There is nothing cuddly about Oskar Schell (Thomas Horn), the 9-year-old narrator of Stephen Daldry’s Extremely Loud and Incredibly Close. He’s fretful, voluble, socially awkward—obviously brilliant, but not entirely pleasant company. He confounds his mother (Sandra Bullock) and doesn’t seem to have any peer friends. The only person he can really relate to is his father (Tom Hanks), who sends Oskar off on elaborate reconnaissance missions, all in a sly attempt to get the boy to interact with the world.
The movie is about one last mission his father sends Oskar on—how even in death, the father is still showing his son how to live.
Yes, Extremely Loud and Incredibly Close is that film—the 9/11 one—and it attempts to negotiate the massive scope of our national tragedy with the tiny world of a socially isolated little boy. A few critics have lambasted the film for being emotionally manipulative—and it certainly is heavy handed at times (this is the same Stephen Daldry who gave us the operatically depressing The Hours, after all).
But when an answering machine containing urgent messages from the World Trade Center left by Oskar’s father—delivered with escalating panic as he begins to realize the grimness of his own fate—can be more disturbing than anything you’ll see in a horror film, I’d say Daldry has tapped into our collective dread from that horrible day.
It’s while Oskar is hiding the answering machine—ostensibly from his mother (Sandra Bullock), but really from himself—that he stumbles across a blue vase that belonged to his dad, as well as a key. The only clue is the name “Black” on the key. So he sets off—in a highly systematic and obsessive way (by triangulating and visiting every Black on the island of Manhattan)—to find the lock that fits the key.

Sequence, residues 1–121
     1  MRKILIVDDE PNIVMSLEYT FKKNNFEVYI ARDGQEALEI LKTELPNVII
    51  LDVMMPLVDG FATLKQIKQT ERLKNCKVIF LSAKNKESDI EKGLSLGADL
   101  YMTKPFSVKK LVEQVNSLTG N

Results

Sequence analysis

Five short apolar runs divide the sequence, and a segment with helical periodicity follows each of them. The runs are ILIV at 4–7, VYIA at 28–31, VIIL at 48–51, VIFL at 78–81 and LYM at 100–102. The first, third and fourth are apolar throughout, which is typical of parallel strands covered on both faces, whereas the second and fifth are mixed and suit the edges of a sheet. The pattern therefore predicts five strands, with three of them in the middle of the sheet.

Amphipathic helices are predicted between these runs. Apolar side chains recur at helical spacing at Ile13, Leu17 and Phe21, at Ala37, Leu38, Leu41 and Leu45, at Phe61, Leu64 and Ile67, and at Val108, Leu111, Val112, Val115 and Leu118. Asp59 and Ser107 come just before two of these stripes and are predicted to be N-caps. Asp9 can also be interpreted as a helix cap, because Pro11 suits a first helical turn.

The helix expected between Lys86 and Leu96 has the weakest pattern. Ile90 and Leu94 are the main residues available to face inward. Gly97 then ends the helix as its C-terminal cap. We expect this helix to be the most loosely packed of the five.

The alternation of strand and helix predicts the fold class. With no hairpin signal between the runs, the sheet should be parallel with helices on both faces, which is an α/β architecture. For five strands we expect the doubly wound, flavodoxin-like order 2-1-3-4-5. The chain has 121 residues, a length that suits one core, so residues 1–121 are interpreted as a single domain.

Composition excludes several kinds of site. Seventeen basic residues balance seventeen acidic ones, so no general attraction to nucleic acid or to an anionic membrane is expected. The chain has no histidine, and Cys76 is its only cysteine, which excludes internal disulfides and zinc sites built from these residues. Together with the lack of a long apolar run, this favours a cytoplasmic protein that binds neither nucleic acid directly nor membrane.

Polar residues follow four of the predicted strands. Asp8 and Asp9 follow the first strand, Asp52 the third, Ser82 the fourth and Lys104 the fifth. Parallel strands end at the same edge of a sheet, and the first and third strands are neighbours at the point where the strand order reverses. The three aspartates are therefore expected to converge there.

Yes, he goes door to door—and yes, most people let him in (including the stellar acting duo of Viola Davis and Jeffrey Wright, as a troubled married couple). Just go with it. Eventually, he will be joined by Max von Sydow, a man with a dark secret of his own who is renting a room from his grandmother, and who may or may not be Oskar’s paternal grandfather. Again, there is nothing cuddly about their relationship—it is contentious at times, even prickly. But a bond is forged and they make a strange odd couple—a hulking, silent man, stooped by age and regret, and a scrawny, garrulous boy, gaping suspiciously at the world.
The acting here is quite remarkable. Young Thomas Horn obviously has to the do most of the heavy lifting—and he’s utterly convincing as the oddball genius, nary a cute-child-actor tic in sight. (Not incidentally, he was discovered when he was contestant during Kids Week on Jeopardy!). Tom Hanks is wonderfully menschy and solid—the perfect idealized dad. Sandra Bullock breaks your heart as the grieving mother—she had watched with curious fondness the special bond between father and son and now silently fears that her child will be lost without his guiding role model. As for Max von Sydow: How is it that he’s never won an Oscar (and only been nominated once)? Older actors can fall prey to the cutesy trap, too—Cocoon-it-up, if you will—but von Sydow never flinches. There’s not a twinkle to be found in those hooded, haunted eyes.
There have been quite a few good 9/11 films—United 93 had a cinema verite-style brilliance and I loved Spike Lee’s subtly mournful 25th Hour—but Extremely Loud and Incredibly Close was certainly the most cathartic. It’s about the all-important relationships we forge in this life—and the gifts we unintentionally leave behind.